Burmese journalists have been told by a senior government minister not to pass information to exiled media outlets whom he claims are tarnishing perceptions among the public of the Thein Sein administration.
The warning came on 16 July during a meeting between Myint Swe, Rangoon division cabinet minister, and local reporters. The meetings had originally been slated as monthly events, but Myint Swe said that the problems caused by details being sent to non-state media groups may scupper this.
As part of the new government’s attempts to shed its maligned reputation surrounding the treatment of media workers in Burma, and to project an image of transparency, it announced earlier this year that regular press conferences would be held in the former capital.
These however have met with little success – a number of senior Rangoon editors are believed to have boycotted the meetings, claiming that they were being used by the government to circulate propagandist reports. Moreover, domestic journalists appear to have quietly rejected official demands not to pass the contents of the meetings to exile groups, like DVB.
“The outside media is being provided with information by someone attending the meetings – it could be no one else but someone in here,” said Myint Swe. A soundbite of his speech was passed to DVB by a source at the 16 July meeting.
“[The exile media] is not allowed to attend these meetings and those of you being allowed to attend should contemplate this. If we hold these meetings more often, then there will be more reports by [the exile media]. That is why we are now not holding them often.”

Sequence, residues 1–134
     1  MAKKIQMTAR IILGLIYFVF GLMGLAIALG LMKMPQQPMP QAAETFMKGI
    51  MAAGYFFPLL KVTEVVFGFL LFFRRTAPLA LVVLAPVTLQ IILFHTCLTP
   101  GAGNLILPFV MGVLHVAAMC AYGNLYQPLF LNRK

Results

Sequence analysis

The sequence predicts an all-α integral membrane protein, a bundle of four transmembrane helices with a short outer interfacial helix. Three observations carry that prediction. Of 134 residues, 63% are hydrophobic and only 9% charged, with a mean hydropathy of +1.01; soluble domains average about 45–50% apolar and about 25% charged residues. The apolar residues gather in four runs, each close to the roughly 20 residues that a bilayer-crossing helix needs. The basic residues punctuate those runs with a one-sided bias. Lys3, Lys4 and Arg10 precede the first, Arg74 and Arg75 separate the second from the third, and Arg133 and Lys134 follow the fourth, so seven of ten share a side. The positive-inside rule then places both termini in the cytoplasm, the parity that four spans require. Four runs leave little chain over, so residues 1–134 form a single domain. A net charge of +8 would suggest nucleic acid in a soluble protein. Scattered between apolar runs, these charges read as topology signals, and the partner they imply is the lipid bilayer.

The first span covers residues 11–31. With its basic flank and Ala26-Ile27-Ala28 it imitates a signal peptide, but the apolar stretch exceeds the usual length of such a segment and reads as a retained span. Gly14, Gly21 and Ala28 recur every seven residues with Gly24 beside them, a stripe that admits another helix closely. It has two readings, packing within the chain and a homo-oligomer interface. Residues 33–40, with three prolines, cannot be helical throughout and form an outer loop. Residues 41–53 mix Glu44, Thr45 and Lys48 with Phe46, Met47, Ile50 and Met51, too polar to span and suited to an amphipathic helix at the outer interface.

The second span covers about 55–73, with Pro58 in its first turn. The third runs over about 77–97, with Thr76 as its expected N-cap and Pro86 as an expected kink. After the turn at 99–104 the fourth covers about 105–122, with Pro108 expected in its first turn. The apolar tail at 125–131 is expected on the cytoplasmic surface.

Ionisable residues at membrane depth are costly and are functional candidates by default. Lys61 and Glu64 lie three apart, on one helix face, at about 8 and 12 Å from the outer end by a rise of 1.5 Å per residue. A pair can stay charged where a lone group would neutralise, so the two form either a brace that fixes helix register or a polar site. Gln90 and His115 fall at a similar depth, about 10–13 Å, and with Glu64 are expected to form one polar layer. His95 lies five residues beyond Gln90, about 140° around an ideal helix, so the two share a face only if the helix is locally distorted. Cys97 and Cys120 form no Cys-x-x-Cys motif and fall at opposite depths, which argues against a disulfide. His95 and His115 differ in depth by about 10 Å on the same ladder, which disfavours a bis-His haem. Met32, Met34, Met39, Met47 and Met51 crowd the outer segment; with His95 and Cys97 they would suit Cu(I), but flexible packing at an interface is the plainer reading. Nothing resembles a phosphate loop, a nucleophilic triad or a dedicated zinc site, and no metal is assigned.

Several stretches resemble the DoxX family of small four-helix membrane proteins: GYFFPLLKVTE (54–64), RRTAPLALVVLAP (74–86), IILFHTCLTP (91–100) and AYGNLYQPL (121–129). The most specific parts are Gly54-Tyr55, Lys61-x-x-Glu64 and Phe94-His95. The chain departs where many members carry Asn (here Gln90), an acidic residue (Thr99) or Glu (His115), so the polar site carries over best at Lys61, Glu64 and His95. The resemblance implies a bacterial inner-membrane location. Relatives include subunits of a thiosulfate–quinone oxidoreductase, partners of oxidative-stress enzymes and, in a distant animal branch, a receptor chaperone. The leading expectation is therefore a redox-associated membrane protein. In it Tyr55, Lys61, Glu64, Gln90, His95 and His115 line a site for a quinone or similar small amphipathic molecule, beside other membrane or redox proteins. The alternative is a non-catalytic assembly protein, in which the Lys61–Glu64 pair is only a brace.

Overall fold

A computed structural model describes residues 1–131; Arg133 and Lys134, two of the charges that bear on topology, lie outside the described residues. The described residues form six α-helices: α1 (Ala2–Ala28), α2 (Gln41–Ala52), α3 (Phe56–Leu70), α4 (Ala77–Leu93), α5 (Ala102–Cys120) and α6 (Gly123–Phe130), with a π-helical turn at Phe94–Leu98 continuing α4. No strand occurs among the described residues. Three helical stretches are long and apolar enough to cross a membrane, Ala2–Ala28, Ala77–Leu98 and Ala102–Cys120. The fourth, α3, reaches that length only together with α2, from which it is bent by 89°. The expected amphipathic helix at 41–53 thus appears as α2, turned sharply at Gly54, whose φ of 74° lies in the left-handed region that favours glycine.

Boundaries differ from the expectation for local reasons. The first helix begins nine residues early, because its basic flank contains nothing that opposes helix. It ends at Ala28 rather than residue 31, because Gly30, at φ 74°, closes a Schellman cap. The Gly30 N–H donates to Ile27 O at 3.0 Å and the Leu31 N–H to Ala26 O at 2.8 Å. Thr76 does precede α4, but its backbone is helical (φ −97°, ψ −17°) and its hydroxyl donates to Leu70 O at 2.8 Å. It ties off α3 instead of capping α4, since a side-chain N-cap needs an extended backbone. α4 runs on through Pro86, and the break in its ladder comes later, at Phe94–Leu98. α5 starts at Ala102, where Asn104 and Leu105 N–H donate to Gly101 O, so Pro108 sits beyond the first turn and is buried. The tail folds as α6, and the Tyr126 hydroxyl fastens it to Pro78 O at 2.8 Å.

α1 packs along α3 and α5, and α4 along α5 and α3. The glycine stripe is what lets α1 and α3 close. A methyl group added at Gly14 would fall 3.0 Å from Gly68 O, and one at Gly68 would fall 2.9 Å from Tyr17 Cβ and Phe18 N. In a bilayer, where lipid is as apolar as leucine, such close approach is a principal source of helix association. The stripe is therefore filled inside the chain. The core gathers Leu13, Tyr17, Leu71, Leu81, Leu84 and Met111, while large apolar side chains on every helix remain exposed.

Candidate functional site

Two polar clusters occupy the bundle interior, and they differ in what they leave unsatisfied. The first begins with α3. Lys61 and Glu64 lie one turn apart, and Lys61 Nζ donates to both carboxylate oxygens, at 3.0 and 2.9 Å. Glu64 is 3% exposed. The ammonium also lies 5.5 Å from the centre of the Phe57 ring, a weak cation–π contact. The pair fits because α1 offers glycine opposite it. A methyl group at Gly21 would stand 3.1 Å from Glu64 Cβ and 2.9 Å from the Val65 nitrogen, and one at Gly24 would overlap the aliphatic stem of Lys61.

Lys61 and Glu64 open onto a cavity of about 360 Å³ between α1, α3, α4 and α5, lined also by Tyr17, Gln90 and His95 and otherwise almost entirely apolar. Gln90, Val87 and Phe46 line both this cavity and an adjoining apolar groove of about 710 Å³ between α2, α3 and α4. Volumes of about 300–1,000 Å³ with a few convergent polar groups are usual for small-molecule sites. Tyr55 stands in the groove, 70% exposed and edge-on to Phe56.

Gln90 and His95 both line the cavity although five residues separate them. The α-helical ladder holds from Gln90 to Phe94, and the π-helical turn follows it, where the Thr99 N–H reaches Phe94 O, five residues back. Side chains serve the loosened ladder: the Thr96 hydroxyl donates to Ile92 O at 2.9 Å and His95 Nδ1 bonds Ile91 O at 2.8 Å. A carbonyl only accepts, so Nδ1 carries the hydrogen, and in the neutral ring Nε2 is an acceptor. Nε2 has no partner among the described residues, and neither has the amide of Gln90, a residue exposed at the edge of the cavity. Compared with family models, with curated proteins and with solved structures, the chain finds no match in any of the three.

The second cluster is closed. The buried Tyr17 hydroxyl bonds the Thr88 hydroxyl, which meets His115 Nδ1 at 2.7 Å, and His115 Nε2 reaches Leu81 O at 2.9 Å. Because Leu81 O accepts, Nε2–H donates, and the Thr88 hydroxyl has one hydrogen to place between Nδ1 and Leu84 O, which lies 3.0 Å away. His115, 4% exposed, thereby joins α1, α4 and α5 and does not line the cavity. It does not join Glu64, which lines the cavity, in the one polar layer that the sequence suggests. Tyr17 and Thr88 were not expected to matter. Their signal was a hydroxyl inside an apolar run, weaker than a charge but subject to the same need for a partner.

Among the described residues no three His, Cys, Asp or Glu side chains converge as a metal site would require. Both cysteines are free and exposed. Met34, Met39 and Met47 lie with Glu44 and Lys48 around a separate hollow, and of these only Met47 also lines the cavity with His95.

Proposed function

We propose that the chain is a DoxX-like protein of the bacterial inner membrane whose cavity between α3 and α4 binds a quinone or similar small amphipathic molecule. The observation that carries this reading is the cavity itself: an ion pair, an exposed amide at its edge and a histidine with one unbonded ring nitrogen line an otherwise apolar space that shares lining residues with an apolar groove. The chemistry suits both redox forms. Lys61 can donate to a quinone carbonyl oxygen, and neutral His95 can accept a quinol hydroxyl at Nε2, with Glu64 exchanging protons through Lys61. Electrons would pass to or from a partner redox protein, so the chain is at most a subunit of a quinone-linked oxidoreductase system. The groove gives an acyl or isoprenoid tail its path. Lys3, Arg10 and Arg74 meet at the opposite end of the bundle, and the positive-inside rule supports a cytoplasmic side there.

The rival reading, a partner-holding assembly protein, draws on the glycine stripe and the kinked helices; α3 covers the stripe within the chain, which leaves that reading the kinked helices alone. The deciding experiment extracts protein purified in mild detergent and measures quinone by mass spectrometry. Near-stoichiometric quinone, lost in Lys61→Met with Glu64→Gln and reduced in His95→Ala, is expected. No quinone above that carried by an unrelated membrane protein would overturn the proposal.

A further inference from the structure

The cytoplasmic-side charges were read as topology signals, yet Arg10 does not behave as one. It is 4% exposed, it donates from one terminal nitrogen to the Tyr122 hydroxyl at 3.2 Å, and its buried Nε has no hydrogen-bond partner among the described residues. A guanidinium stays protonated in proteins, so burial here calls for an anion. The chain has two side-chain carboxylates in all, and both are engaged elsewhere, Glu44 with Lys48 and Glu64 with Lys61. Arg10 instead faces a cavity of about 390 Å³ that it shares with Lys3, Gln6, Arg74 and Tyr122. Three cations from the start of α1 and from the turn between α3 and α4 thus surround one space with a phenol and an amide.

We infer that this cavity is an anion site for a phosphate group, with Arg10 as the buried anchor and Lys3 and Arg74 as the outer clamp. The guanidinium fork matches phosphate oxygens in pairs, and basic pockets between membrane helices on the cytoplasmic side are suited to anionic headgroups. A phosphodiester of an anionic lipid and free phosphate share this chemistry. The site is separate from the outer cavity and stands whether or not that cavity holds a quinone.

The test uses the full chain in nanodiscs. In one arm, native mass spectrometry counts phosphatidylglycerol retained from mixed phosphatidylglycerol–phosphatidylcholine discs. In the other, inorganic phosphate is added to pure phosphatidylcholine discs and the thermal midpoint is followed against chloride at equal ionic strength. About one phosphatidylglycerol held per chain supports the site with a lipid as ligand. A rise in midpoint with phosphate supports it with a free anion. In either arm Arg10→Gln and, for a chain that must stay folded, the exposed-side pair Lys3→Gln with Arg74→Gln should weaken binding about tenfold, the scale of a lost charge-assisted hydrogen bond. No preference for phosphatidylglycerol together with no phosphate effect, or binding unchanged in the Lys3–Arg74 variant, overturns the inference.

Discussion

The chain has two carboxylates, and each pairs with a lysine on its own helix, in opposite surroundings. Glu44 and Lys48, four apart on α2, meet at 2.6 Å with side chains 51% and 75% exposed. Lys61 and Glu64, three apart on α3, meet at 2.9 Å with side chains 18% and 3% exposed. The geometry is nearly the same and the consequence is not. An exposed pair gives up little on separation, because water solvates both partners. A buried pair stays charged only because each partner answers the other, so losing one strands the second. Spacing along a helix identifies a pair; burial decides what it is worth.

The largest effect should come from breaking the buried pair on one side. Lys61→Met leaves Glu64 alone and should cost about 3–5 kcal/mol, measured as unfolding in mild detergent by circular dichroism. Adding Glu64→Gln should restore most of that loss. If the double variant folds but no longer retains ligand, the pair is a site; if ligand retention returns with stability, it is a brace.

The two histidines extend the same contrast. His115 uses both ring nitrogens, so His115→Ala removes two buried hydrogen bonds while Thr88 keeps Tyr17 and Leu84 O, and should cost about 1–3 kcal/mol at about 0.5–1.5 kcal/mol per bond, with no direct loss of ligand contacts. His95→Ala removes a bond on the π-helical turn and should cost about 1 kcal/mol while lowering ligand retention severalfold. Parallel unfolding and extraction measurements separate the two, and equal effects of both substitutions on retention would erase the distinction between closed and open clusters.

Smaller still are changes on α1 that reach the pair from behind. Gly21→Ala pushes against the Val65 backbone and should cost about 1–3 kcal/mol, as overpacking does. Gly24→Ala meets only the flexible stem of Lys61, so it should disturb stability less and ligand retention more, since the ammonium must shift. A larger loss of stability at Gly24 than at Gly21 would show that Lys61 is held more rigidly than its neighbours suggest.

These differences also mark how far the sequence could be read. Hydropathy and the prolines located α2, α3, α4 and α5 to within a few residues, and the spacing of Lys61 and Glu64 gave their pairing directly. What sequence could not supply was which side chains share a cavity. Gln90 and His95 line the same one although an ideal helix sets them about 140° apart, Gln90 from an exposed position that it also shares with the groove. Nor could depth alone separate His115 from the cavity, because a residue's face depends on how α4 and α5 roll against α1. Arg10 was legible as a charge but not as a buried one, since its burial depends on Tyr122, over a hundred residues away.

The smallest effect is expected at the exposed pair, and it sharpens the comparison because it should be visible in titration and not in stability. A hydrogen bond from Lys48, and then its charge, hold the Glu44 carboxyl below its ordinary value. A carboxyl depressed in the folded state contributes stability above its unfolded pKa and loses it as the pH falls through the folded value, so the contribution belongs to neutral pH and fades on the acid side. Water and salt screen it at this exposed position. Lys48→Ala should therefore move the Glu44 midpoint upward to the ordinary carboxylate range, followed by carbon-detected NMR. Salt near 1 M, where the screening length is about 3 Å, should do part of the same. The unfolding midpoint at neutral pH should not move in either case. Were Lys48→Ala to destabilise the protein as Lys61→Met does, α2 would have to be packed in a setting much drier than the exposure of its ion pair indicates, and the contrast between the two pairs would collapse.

He said that “erroneous” accounts of the meetings broadcast by non-state groups were “made with either deliberate intentions or pure misunderstanding”, adding that it could “cause misunderstanding by the public regarding us [the government]”, as well as wrong perceptions in Naypyidaw of regional officials.
The Rangoon cabinet has so far held three such meetings: around 60 media publications attended the first meeting on 10 May, around 40 on 17 May, and only 28 on 16 July.
A number of exile Burmese media groups exist, including The Irrawaddy Magazine, Mizzima and Shan Herald Agency for News, mainly operating out of Thailand but feeding information back into Burma. The BBC, Voice of America (VOA) and Radio Free Asia (RFA) also broadcast daily news into Burma via satellite television and shortwave radio.
A space is reserved on the back page of the New Light of Myanmar daily newspaper accusing the BBC and VOA of “sowing hatred among the people”, and RFA and DVB of “generating public outrage”.